Having no idea what I was getting myself into, I decided to write a novel late last year.  I began putting words on the screen in November.  They weren’t very good words at first.  That was Lesson #1.

People ask what my book is about and I’m supposed to get good at explaining it quickly and succinctly, so people don’t start dreaming up ways to get away from me.  My book is about Claire, a 39 year-old single mom.  She’s a music writer and she lives in Chapel Hill because that’s where I live.  I don’t like the idea of writing about places you haven’t been.  When Claire was a teenager, she was obsessed with a British band called Banks Forest and their young buck of a guitar player, Christopher Penman.  She did all of the normal stuff teenage girls do when they’re pining for a pop star—stare at posters of him on the wall, listen to his music endlessly, imagine what it would be like to be his girlfriend.  More than twenty years later, Chris is a bit of a media disaster and tabloid regular with a solo career that could use some serious help.  Claire gets an assignment to interview him, with direct orders to drag his closely held secrets out of him.  After that, well, I can’t tell you that—read the book!

I actually started writing Bring Me Back for the first time three years ago although the idea for Chris and Claire came years before that.  I didn’t get very far with writing it the first time.  The title comes from the Plimsouls song “A Million Miles Away”, which I thought was appropriate given that Banks Forest was huge in the 80s.

In June of 2008, we lost our house to a fire.  People talk about their lives being turned upside down—we felt like ours was turned inside out.  Once things were back to the new normal, with a new house, stuff to put in it, and kids happy, I made the decision to do something for myself.  I started the book a few days later.  I stopped sleeping much and although it sounds so incredibly clichéd, the story spilled out of me.  I’m not going to say it was easy because I don’t think my brain has worked so hard in my entire life.

I’ve only let a small circle of people in on this life event, and those people have all been burdened, I mean blessed, with the task of reading and giving feedback.  Now that it’s finished and I’m looking for an agent, I thought it was time to tell the rest of the world.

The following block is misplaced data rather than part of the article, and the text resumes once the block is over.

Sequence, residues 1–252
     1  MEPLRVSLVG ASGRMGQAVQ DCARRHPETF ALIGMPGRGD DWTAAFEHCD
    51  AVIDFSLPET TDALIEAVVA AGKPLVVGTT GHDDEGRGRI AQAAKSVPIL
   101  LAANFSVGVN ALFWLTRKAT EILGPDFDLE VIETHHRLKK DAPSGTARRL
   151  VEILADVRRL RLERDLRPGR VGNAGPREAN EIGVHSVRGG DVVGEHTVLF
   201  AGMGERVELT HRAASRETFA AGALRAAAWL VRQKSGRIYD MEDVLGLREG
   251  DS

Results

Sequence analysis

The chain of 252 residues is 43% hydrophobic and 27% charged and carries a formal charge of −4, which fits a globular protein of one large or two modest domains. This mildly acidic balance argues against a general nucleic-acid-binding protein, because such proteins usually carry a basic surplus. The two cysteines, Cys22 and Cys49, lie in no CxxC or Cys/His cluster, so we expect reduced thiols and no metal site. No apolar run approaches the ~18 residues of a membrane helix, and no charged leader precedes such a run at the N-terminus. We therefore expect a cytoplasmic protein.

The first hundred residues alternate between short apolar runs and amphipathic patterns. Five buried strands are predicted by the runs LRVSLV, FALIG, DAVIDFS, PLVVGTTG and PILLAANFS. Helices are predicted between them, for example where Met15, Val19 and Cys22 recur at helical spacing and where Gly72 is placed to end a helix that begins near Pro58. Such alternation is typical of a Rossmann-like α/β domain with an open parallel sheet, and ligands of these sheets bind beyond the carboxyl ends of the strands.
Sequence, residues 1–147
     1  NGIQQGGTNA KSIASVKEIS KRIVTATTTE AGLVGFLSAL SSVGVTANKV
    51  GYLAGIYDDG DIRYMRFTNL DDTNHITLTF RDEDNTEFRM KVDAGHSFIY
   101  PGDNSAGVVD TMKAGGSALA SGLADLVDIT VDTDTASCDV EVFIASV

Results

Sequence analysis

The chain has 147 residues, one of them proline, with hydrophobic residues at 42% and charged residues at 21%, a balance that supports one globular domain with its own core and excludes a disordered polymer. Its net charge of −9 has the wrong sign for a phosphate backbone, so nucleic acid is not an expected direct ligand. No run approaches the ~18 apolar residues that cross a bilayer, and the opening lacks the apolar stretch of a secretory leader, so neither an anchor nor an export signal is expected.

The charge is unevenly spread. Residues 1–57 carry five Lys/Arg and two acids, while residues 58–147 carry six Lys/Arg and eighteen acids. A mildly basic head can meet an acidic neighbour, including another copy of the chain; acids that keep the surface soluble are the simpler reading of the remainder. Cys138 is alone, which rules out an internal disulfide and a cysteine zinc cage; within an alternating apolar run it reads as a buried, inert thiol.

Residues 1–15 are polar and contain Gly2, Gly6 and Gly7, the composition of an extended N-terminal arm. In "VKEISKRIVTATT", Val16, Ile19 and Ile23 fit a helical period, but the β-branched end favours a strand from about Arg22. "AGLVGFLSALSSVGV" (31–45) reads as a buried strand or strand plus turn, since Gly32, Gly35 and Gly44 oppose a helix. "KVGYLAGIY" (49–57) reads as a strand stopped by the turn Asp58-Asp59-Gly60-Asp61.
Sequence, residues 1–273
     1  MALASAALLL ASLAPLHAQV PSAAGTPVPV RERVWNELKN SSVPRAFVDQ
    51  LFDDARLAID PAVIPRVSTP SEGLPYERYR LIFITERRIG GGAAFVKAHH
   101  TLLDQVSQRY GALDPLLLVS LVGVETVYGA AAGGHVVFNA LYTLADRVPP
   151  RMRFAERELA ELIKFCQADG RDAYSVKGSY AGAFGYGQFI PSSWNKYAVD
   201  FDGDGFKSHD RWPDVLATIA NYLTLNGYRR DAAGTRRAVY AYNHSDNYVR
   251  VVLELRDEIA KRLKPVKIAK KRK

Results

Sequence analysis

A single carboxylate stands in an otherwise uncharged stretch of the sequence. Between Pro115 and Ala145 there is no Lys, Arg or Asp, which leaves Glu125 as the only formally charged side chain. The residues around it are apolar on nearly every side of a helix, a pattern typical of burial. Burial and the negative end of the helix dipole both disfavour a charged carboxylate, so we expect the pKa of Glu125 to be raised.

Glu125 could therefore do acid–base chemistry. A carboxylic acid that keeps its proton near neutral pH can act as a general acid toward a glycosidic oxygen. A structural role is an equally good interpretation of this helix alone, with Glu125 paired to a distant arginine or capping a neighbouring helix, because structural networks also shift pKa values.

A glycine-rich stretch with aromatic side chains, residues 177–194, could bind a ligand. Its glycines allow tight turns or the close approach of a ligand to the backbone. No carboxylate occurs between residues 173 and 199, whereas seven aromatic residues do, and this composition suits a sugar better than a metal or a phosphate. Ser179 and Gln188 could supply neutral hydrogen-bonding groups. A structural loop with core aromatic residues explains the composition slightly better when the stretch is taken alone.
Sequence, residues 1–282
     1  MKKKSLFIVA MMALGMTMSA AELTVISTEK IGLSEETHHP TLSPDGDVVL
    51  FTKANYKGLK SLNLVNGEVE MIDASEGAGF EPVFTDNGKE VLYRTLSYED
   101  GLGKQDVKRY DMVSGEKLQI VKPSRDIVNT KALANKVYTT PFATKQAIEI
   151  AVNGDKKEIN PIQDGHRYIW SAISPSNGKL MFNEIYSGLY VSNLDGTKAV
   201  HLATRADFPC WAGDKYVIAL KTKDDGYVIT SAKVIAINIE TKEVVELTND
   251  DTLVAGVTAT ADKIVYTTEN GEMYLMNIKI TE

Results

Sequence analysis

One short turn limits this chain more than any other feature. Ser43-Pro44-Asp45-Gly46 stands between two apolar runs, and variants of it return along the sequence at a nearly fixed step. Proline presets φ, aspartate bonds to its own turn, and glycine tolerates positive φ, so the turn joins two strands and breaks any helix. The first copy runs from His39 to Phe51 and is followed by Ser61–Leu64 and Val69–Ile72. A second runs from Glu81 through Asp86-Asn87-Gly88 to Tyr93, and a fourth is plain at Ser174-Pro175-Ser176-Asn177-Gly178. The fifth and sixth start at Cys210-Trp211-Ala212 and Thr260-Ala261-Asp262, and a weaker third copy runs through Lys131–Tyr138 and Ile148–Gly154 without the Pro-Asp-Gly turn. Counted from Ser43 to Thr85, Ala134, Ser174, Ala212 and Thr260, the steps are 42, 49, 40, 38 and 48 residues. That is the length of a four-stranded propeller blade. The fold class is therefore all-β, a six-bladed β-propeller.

There are only a few more days until summer vacation is over for my kids and they head back to school.  Emily is getting ready to start middle school, so she’s excited about new clothes, getting a locker, and a new crop of boys to chase.  Ryan will be in the 4th grade and his excitement level is considerably lower than his sister’s.

When the concept of summer vacation was first introduced in the US, it was so that kids could work on the farm all summer.  Certainly, those kids did not feel like they were on vacation.  These days, almost nobody’s kids work on a farm and most of them spend three months allowing their brains to turn to mush.  I try to prevent the inevitable slide, I buy things like workbooks before the end of the school year and we plan to go to the library twice a week but then other stuff happens–we opt for the pool or the mall, they want to have friends over, I crave the solitude of grocery shopping by myself.

I enjoy the lack of structure we have in the summer and any day I don’t have to pack a lunch is a good day.  Still, that lack of structure almost always leads to boredom.  My kids have to pay me a dollar every time they say “I’m bored”, but they worked around it by coming up with code words for boredom.  We all know that boredom leads to siblings trying to kill each other.  It’s survival of the fittest.  The biggest kid with the best right hook gets to use the computer.  I tell myself the kids don’t really want to kill each other, they’re just bored, but I do worry about it every time that blood is shed.

I often come up with a list of activities at the beginning of summer vacation.  We plan to visit museums, make cookies for the elderly, or all learn to read braille.  By the end of the summer, we have visited one museum and the kids complained about it because I picked the one they’ve been to 100 times.  We have made cookies but we didn’t share them with anyone and honestly, I don’t have the patience to learn braille.

So, my kids are heading back to school with mushy brains but we still had fun.  We traveled to see a few of the grandparents, we went to the Asian grocery store for Pocky (that counts as culture, right?) and everybody stayed up way past their bedtime.

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